When Groupon came out, I simply could not understand what the hype was about.
A random, untargeted mass group discount coupon spammed to me every day or week, with some discount which may or may not represent good value ?
Coupons and discounts had been around for years, but as is so often the case in business when the timing for a real explosion in take up is ripe the incumbent at that moment has the best chance of winning the day.
Whatever factors were relevant and converging at the time Groupon started it’s ascent (the discussion of which belongs elsewhere) they had reached critical mass and the Groupon team began hitting a home run.
As an entrepreneur, I should love Groupon. The thing is, it’s not a sexy business. Sending out coupons by email? If you’d asked me will it work back in 2008 I might have wrongly answered that the market was covered already (there’s a lesson there which people I’ve worked with recently have yet to learn!).
Financially though it is quite a sexy business, assuming you ignore the complaints of 50%+ of its business customers (more complaints here) and ignore the naysayers that claim Groupon has a vacuous model and point out that it is losing a lot of money. Yet more negative analysis from Techcrunch about Groupon here. That is a lot to ignore…
Launched in November 2008, they executed a classic city by city roll out starting in Chicago, followed by New York City, Boston and Toronto off the back of $1 million seed funding (only in the US would £700,000 be described as “seed” funding).
As a customer, the reason I’ve not liked Groupon is that it’s dumb.
I don’t want to feel like one of 10,000 mass consumers and most of the deals I am sent don’t appeal to me. They waste my time. Groupon should know what I like, not send me crap I don’t want; but there are enough users out there who the service DOES appeal to: 40 million plus users by most counts.
In under a year of Groupons launch copycat sites appeared like wildfire; within a mere 20 months we had another mulit-zillion dollar company being courted by the Googles and sighted as another start-up mega success. May 2010 Groupon bought European service MyCityDeal, helping secure their position as dominant player in the space.
Well their future isn’t going to be about emailing mass discount coupons ..and our relationship with Groupon as a customer is going to evolve and change…assuming the company doesn’t crash and burn post any future IPO.
But what IS their space?
My hunch about Groupons roadmap became clear when they purchased Pelago in April. Pelago had pivoted a couple of times with their consumer product Whrrl and although there were differences between Pelago and Rummble, I suspect (despite sitting on x20 as much funding as Rummble) they had struggled with some of the same early-to-market problems that I had at Rummble (a company the author founded in 2007. Trying to run a mobile-location based discovery tool for sharing your favourite experiences, with only a few smartphone handsets in circulation and pre-iPhone, was always going to be hard).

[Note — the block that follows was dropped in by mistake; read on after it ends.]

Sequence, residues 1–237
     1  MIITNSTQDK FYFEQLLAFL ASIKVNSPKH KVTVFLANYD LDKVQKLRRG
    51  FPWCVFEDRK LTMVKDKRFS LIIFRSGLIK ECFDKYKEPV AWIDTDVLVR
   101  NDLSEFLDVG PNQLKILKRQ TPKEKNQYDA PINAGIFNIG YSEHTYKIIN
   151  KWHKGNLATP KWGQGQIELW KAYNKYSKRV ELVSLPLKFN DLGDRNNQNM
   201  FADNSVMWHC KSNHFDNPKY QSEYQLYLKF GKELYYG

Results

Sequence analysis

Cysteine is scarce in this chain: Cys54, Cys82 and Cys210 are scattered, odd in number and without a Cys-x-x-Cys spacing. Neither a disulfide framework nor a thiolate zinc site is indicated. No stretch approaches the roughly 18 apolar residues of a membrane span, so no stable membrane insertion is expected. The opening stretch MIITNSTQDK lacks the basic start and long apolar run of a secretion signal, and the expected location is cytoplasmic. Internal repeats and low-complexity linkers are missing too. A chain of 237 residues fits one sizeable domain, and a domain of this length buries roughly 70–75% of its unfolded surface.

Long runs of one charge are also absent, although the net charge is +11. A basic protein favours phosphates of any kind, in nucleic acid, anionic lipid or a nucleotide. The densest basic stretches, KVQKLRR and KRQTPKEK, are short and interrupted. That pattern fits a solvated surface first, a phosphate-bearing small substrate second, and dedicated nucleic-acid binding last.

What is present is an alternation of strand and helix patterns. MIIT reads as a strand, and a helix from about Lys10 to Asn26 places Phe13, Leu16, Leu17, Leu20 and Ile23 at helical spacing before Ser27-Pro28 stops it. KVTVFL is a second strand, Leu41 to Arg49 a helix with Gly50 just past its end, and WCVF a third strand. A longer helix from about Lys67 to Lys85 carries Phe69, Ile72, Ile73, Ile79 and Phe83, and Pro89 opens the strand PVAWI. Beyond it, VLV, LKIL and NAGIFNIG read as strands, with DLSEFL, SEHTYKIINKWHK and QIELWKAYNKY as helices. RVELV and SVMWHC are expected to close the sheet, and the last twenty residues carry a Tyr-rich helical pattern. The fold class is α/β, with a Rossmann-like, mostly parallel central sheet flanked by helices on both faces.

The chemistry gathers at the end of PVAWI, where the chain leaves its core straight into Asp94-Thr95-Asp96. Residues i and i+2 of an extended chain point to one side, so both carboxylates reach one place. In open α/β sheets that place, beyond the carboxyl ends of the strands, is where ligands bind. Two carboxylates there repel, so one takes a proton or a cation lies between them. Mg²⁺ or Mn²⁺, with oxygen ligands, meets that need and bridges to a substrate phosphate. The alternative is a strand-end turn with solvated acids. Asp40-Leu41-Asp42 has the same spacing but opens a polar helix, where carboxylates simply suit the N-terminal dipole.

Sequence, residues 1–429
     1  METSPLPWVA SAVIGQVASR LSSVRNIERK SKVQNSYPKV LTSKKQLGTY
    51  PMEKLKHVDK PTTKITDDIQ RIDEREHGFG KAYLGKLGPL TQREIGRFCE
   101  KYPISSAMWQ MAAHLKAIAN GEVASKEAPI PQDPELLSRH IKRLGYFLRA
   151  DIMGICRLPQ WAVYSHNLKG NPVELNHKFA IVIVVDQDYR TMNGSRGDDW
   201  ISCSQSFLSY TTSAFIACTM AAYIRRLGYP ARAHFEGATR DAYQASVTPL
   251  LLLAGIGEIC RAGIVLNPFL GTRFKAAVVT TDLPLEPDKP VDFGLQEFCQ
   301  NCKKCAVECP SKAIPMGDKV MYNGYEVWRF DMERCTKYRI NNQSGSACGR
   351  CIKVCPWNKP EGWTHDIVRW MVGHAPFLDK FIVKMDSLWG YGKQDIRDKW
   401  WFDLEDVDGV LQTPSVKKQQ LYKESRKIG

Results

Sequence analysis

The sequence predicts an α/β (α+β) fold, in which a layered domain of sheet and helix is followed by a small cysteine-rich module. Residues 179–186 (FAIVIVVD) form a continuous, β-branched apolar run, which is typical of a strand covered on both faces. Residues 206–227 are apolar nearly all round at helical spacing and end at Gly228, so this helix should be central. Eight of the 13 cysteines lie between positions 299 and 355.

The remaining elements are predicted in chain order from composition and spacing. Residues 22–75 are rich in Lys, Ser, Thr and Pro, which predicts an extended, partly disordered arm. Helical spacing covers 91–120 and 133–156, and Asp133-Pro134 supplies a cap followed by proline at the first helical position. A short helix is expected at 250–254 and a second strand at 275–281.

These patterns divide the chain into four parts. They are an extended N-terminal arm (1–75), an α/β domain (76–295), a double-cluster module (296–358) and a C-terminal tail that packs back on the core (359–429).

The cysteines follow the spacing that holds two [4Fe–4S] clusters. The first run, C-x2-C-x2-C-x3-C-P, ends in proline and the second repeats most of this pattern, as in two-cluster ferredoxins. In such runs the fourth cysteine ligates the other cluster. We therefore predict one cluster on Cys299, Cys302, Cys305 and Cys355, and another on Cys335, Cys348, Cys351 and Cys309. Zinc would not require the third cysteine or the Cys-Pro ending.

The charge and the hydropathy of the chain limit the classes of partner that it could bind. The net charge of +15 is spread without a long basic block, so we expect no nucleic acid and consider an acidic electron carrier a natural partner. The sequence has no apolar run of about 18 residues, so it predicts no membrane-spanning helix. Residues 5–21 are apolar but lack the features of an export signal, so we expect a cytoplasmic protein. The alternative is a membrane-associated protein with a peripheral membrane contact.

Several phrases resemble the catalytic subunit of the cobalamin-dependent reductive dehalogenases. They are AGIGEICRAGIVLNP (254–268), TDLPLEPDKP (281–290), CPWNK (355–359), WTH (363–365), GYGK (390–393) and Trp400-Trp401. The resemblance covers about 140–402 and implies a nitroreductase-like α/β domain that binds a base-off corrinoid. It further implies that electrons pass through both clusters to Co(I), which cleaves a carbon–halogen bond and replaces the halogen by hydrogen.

So what does the Pelago purchase mean? To my mind Groupons biggest current competitor is Foursquare and the leviathan of Facebook with its local deals.
Google seems to be struggling still to make an impact in the local social space, despite its’ dominance on the web with Adwords.
Groupon will grow into something which looks far more social and Foursquare-like than most people previously expected. The Pelago team bring a wealth of experience in how not to do this and will accelerate Groupon to something beyond a daily deals discount site. With a revenue stream and a base of 40 million users and growing fast, they have the reach and capital to evolve into a major platform. Foursquare is nudging 10 million.
The old school check-in review companies don’t want to be left in the shade either, with acquisitions like Qype buying Cooledeals, everyone is converging on the local deal space.
So Here’s The Beef
There’s a lesson here, which is that IF you can find the backers/investors with the long term vision and understanding (and that is hard to do) you can build a revenue generating company off the back of something boring in order to create something interesting – and wait for the market to mature in the process.
The big question is, was that the game plan all along? Did Andrew Mason have this vision from day one, or did it, like most companies, become clear on the journey. Mr Mason, feel free to complete the comments box below…
STOP PRESS: Foursquare announce a coupon sharing partnership; I guess the adage Keep Your Friends Close, Your Enemies Closer has not been lost on Dens. I wouldn’t be surprised if Groupon buys Foursquare, if he [Dens] ever agrees to sell.
..and more negative press on coupons and groupons: http://techcrunch.com/2011/06/11/google-offers-daily-deals-business-die/